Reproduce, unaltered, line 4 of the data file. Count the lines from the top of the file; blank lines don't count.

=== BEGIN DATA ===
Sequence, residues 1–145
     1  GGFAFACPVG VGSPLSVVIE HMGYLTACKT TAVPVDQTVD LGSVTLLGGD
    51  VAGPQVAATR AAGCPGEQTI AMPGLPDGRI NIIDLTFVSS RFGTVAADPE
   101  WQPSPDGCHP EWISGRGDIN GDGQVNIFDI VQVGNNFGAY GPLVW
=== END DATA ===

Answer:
   101  WQPSPDGCHP EWISGRGDIN GDGQVNIFDI VQVGNNFGAY GPLVW